All of these new teacher-leadership functions are in addition to the normal 180-day teaching duties. Each underscores the importance of teachers as leaders and decisionmakers in other necessary school endeavors. Because the time demands are different, each will require a different work calendar. But all of the new roles are based on the same lengthened work year: 11 months, instead of the current 10 months.

A complete list of proposed teacher roles includes the following:

School-Improvement Teacher Leader: 11 months of work (including the normal teaching duties), plus additional school leadership responsibilities that are shared with the principal.

Feeder/Cluster-Improvement Teacher Leader: 11 months of work (including normal teaching assignment) focused on connections to and collaboration with schools within a K-12 cluster that students will attend during their school years.

New-Teacher Trainer/Mentor: 11 months of work (including normal teaching assignment) focused on training new teachers prior to the start of school, and mentoring new staff members during the school year.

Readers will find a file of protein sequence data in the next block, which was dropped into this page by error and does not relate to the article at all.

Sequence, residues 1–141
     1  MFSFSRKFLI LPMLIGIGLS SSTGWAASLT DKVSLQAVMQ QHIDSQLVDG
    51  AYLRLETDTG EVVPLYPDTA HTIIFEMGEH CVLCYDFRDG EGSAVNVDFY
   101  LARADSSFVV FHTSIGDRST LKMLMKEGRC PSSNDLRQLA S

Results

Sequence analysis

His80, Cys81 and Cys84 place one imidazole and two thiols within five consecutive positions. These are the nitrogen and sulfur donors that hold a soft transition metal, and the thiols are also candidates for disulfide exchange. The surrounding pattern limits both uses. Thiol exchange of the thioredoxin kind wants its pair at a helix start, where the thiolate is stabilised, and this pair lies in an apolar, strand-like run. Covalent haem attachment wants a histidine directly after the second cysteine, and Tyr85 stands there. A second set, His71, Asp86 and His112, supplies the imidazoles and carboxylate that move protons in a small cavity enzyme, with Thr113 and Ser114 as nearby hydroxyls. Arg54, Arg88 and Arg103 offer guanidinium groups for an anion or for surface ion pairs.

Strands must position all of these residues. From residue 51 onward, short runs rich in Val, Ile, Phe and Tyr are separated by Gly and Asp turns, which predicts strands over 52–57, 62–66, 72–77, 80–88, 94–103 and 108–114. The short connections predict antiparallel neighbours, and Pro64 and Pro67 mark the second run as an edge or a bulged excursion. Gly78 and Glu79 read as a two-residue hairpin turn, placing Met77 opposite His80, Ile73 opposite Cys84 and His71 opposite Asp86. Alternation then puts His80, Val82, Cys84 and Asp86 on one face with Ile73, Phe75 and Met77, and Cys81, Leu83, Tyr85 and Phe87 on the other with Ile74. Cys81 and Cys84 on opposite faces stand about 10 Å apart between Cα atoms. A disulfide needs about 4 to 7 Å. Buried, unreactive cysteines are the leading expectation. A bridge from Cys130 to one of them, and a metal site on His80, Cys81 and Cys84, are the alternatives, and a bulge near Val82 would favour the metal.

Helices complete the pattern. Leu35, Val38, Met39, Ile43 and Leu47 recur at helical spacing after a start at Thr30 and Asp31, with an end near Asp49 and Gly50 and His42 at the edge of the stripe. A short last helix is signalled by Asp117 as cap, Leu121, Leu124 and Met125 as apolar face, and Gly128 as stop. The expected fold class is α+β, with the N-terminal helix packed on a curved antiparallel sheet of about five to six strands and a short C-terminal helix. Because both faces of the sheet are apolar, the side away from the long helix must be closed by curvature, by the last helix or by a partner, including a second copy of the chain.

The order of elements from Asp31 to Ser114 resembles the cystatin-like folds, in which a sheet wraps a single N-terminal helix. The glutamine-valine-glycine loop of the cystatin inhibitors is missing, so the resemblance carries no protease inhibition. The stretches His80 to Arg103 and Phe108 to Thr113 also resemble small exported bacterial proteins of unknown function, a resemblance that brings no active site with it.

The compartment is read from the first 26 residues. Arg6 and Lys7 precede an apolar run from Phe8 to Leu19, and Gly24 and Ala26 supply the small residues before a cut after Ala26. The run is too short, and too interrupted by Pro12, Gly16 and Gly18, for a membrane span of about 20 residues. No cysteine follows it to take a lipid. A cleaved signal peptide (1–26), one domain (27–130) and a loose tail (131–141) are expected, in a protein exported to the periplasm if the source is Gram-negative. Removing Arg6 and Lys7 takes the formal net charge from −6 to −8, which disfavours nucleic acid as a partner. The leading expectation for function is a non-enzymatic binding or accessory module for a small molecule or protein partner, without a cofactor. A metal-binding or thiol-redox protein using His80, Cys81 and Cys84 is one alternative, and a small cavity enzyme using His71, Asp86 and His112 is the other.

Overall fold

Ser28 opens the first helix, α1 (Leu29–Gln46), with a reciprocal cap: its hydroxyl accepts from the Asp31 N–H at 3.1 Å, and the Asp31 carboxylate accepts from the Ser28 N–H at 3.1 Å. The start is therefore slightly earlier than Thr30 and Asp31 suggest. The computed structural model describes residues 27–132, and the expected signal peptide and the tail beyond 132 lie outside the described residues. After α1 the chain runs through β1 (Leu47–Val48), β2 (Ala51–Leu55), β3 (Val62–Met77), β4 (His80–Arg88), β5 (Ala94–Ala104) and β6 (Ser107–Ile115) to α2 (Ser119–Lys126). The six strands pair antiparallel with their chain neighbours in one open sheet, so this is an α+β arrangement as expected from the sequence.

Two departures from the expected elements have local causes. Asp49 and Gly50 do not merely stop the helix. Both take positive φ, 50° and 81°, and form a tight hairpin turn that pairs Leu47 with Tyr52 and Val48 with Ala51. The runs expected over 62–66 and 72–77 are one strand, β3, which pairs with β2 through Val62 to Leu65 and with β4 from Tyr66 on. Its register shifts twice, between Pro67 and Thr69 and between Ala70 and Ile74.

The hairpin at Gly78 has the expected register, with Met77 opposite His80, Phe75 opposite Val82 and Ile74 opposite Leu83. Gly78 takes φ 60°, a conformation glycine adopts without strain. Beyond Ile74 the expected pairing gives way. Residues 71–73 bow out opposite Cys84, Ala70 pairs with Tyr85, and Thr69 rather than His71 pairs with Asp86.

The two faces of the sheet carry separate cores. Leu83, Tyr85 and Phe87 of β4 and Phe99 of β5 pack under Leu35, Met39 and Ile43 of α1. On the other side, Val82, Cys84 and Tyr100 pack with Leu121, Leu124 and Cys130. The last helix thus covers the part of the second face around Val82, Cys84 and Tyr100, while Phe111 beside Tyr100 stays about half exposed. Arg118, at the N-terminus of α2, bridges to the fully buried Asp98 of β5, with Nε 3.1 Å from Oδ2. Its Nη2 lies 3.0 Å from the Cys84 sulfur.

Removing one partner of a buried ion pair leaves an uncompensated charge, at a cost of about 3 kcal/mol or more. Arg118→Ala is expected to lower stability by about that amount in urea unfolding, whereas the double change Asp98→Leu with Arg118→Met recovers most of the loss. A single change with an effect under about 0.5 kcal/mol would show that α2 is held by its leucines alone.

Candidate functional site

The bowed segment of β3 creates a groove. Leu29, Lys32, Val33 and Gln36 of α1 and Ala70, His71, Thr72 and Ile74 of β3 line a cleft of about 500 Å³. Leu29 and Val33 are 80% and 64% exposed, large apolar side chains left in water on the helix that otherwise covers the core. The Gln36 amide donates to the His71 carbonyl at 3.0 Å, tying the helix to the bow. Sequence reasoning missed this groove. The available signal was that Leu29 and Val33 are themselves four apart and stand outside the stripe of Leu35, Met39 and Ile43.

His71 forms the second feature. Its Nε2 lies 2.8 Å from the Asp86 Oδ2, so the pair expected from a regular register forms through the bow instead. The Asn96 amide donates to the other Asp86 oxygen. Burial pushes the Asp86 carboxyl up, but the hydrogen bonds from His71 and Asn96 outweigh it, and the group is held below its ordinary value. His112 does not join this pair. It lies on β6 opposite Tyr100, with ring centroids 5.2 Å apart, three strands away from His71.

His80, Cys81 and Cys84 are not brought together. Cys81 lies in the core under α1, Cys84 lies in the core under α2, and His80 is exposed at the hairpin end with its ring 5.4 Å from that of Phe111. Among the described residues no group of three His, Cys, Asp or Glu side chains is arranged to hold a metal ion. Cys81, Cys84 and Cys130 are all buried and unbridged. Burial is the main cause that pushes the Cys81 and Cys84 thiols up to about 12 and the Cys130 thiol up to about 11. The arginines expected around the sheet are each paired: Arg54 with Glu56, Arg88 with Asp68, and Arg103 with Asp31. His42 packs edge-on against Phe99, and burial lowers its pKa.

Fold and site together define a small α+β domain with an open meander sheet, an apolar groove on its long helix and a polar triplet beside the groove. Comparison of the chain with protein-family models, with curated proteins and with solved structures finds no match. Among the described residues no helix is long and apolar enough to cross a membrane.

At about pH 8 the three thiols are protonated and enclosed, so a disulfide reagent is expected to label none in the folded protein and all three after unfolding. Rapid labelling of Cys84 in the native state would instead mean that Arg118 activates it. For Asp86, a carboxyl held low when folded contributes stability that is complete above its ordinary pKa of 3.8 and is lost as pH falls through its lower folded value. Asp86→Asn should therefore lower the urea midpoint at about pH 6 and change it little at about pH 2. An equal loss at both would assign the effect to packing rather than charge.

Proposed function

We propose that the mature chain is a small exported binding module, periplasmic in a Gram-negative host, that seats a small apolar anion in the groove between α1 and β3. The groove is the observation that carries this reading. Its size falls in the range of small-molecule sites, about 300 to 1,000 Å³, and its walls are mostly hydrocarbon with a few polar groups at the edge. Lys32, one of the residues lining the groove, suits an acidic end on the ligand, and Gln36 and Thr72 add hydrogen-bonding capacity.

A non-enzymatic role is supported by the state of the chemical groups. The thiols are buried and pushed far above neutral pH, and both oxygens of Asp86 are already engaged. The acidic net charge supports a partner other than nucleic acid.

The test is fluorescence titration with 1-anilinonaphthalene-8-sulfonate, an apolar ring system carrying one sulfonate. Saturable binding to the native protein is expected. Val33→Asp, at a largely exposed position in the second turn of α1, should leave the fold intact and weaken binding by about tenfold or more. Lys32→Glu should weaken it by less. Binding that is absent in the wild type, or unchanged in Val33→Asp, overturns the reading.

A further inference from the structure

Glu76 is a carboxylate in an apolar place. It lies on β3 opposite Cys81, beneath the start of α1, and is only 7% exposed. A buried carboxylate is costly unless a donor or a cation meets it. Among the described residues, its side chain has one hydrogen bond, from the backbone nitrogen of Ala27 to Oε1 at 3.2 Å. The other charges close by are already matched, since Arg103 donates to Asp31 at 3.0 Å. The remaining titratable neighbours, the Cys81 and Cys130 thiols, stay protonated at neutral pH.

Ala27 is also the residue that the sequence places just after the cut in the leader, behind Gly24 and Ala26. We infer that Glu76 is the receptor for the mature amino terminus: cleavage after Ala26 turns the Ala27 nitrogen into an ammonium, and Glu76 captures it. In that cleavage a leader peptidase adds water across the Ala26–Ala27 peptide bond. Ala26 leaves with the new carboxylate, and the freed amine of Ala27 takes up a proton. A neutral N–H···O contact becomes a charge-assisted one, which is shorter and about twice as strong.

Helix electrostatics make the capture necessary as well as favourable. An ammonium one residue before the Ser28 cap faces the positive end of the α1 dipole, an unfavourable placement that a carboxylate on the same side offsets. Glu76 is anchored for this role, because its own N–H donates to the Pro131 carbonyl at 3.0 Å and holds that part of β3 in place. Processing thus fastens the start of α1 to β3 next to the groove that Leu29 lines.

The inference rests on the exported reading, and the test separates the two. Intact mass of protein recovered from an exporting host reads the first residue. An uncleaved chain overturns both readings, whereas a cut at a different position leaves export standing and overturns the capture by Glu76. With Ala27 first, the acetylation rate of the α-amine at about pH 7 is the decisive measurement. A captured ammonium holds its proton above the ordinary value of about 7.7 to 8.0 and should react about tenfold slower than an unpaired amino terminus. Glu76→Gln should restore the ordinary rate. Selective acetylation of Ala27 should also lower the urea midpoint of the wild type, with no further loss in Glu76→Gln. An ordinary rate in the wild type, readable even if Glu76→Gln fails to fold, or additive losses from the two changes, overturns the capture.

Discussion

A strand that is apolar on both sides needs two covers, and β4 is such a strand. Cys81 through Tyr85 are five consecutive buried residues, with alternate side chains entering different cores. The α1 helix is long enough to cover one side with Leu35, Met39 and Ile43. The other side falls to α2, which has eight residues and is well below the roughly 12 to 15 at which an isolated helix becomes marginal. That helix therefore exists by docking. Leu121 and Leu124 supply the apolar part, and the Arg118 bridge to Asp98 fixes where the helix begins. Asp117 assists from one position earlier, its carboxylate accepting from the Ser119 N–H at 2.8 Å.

Extended Student Learning: 11 months of work (including normal teaching assignment) focused on tutoring and nurturing students performing below grade level. Such work would be done after school, during school breaks, and at other times as needed to “leave no child behind.”

Student-Transition Leadership: 11 months of work (including normal teaching assignment) focused on analysis of individual students’ academic and social progress, and coordination of support services for children needing added social or transition skills.

Traditional Role: 180 school days, plus some additional preparation and training days; this includes “normal” duties that are essentially the same as current teaching duties.

Many of these functions are already being addressed in school systems. We often devote a great deal of money to them, but we do so on a piecemeal basis. Rarely do we group them in a way that creates a comprehensive system of teacher work and compensation.

We must create such a system if we wish to become more intentional about leaving no child behind; if we expect and allow professionals to engage in all the necessary roles and responsibilities for sustaining high-performing schools; if we recognize that distributed, aligned leadership is a must in our ever-changing society; and if we hope to compensate professional teachers for the full-time set of duties that are now part of the profession.

Vol. 24, Issue 34, Pages 38-39